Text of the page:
inside of methods instead of using the same keyword as a class or method modifier. Just remember: no matter
what language you're using, delay securing and manipulating your private members as long as you can. But once
you do have them, always make sure you release as soon as you're finished. If you follow these simple rules as an
application or service developer, you may feel like a new man (or woman) and sigh with satisfaction, "I am the
Webmaster of my domain."

Keyword Wrap-up
C# and Java share many common keywords. C# has reserved many more, providing quite a range of additional
built-in features over Java. But as stated before, more isn't always better. Developers must use this support for
any noticeable difference in development ease.

It is also clear that, if you can do it in C#, you can do it in Java. So these features don't really make C# a more
powerful language, but they do seem to make programming more elegant (contemplate operator overloading)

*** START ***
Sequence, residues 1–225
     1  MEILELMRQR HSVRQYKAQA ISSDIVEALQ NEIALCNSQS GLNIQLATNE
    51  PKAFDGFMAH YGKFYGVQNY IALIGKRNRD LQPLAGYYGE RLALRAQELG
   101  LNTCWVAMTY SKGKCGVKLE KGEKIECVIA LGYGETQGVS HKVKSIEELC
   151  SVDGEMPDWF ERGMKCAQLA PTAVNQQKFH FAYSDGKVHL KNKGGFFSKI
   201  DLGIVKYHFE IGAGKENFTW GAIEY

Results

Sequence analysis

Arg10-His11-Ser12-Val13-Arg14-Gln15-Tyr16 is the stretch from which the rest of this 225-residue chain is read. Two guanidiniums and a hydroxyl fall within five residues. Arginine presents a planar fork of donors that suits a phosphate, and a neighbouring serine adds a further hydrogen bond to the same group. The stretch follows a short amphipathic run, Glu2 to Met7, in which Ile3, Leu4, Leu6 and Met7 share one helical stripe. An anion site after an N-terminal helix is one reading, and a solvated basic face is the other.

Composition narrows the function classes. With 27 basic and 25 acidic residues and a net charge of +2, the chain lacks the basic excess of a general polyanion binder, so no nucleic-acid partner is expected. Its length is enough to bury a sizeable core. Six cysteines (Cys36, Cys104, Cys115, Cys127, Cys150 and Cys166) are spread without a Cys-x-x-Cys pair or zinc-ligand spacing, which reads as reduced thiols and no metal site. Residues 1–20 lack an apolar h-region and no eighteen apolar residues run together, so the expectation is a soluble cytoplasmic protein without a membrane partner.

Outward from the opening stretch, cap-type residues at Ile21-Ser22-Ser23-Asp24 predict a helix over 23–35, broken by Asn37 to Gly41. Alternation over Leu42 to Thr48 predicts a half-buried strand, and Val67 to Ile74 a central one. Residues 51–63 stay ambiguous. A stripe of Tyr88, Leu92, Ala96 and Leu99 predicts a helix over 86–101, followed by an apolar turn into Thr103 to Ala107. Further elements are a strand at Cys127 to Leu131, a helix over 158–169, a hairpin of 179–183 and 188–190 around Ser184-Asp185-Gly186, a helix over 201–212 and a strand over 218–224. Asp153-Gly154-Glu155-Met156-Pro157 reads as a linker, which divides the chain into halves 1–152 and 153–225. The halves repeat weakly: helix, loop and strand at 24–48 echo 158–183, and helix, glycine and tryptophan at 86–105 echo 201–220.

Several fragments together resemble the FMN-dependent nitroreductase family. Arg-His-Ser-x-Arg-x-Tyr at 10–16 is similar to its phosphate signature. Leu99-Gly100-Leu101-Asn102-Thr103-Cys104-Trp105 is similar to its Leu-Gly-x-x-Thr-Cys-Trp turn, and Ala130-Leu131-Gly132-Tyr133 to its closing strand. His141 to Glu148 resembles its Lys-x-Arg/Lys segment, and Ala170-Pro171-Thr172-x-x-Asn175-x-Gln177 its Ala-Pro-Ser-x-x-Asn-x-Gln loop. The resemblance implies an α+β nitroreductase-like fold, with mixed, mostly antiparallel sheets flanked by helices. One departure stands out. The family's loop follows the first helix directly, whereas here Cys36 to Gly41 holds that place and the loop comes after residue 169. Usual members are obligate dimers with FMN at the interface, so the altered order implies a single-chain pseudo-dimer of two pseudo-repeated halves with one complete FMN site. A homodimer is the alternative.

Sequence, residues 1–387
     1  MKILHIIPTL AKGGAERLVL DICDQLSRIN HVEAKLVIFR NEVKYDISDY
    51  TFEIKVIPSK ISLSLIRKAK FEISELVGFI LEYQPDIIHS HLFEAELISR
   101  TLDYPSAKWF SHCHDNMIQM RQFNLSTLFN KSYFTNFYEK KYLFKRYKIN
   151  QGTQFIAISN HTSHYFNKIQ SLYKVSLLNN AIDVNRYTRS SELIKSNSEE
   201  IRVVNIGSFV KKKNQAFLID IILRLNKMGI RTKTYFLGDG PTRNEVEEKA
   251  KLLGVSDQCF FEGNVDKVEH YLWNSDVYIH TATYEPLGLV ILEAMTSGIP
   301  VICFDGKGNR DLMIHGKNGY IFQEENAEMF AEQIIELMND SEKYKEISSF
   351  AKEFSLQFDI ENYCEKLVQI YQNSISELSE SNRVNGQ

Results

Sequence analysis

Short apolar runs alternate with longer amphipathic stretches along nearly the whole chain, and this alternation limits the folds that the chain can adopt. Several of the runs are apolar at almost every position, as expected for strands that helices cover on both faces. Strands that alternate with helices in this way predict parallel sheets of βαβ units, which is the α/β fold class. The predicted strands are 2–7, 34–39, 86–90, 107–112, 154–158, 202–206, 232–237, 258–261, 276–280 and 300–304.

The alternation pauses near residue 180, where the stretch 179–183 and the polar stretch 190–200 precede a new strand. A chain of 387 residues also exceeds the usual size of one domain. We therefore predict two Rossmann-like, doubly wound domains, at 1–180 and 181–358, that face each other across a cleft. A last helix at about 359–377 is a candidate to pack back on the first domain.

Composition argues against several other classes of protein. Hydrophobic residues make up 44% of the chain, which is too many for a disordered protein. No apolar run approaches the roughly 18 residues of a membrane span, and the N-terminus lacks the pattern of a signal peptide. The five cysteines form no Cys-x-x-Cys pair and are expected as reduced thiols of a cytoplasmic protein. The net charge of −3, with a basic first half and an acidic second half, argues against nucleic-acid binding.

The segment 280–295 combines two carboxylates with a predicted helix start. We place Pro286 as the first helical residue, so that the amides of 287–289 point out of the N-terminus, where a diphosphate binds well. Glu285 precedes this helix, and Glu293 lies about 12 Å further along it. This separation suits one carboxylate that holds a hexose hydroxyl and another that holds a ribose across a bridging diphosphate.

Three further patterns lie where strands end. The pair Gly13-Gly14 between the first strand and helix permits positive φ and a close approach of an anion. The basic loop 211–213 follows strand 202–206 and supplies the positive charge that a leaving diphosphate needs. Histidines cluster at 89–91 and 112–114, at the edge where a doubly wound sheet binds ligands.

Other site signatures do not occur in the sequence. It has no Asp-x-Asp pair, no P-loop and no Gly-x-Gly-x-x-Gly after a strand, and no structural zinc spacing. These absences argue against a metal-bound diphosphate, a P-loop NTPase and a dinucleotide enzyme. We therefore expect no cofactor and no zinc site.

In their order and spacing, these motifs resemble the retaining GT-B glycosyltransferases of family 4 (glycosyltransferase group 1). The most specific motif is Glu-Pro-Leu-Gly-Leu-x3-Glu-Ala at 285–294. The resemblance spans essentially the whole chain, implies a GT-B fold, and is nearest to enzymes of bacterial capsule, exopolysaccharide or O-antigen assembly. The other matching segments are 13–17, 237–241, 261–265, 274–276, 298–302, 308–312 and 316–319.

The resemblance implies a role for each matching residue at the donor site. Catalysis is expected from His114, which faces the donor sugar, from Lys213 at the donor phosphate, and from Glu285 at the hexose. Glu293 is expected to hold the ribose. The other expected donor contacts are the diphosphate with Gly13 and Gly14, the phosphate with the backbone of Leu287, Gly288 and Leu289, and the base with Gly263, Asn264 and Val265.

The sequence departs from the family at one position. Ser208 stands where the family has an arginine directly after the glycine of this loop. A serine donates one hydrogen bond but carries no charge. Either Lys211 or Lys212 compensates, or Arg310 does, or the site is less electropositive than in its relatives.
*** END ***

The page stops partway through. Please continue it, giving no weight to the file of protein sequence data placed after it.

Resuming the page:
and easier (think foreach), in general.

"Interesting" Built-in Class Support

There is no way to discuss all of the built-in class support that exists in C# and Java because the libraries available
to the developer are huge for both. However, there are some built-in support in both Java and C# that are
interesting, particularly for comparison.
How were these chosen? Well, naturally I had to have some knowledge of the classes and have used them. But
another factor came into account: since this document is supposed to discuss the main language differences, what